Background: A retrospective study was conducted to investigate the validity and the effectiveness of early empiric antibiotic and de-escalation therapy for the treatment of severe sepsis and septic shock patients in the intensive care unit (ICU).
Methods: Patients admitted to the ICU at Chiba University Hospital from January 1, 2010, to December 31, 2012, for the treatment of severe sepsis or septic shock were selected for analysis.
Results: One-hundred and ten patients were enrolled for the analysis. Carbapenems were selected most frequently (57.3%), followed by cephalosporins (22.7%), and penicillins (21.8%). Empiric antibiotic therapy was appropriate for 85 (77.3%) patients. Mortality rates for patients with inappropriate empiric therapy was 36.8%, whereas mortality rates for patients with appropriate empiric therapy was 17.5%. Among the patients with appropriate empiric antibiotic administration, de-escalation was associated with lower mortality rates of 5.0% for severe sepsis and 9.7% for septic shock patients. The mortality rates for the no de-escalation group were 19.0% and 35.7%, respectively.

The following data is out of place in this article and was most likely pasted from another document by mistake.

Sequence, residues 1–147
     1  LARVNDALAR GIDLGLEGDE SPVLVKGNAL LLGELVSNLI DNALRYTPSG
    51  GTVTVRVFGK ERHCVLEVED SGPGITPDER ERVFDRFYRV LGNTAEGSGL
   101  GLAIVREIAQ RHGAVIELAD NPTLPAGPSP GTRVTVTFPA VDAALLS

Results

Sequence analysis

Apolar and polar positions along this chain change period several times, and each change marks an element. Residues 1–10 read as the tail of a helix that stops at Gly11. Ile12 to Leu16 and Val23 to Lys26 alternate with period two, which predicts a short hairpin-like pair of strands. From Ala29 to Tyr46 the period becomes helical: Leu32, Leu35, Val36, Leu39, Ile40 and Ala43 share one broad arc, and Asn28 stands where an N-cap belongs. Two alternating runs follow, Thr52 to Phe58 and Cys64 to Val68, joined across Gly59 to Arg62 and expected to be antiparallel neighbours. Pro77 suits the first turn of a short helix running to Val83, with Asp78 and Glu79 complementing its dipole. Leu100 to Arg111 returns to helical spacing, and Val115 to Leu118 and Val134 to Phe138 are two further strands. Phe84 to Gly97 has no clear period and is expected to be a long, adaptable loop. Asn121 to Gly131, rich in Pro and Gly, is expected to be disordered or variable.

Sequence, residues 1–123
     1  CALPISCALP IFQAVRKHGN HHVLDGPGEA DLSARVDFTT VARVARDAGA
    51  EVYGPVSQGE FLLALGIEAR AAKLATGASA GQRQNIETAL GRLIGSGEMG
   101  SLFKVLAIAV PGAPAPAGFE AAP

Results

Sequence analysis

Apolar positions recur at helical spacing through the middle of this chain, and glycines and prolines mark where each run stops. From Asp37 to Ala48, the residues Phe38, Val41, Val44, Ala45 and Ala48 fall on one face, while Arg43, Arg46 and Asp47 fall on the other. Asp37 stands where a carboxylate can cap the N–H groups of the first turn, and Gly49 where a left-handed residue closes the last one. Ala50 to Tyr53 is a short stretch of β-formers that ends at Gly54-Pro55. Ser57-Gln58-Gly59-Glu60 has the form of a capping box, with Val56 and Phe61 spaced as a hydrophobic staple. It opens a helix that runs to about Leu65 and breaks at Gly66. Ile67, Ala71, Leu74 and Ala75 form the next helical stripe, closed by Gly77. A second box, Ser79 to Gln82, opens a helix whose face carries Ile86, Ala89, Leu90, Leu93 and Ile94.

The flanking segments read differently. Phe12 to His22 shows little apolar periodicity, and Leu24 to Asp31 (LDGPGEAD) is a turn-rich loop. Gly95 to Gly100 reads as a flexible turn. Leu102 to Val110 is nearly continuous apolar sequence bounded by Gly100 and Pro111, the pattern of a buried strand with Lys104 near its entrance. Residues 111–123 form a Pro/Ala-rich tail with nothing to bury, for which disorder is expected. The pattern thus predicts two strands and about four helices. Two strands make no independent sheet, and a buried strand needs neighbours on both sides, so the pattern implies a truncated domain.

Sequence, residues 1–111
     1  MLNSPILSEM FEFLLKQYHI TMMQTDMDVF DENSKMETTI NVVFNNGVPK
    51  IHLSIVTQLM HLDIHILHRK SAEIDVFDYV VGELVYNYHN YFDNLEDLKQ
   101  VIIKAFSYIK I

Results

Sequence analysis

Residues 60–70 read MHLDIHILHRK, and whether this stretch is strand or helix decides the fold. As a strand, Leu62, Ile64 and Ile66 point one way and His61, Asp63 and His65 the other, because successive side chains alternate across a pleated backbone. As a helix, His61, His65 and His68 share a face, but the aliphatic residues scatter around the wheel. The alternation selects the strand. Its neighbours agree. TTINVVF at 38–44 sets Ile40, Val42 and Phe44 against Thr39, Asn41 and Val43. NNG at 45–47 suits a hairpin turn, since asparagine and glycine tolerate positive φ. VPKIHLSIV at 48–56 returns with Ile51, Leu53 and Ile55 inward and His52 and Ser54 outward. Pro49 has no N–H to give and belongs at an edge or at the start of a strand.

Conclusion: Empiric antibiotic therapy was acceptable for severe sepsis and septic shock patients treated in the ICU. The appropriate selection of empiric antibiotics was related to a greater rate of de-escalation and better survival. The risk of multi-drug-resistant bacterial infections was not as high as expected, but will need further attention in the future.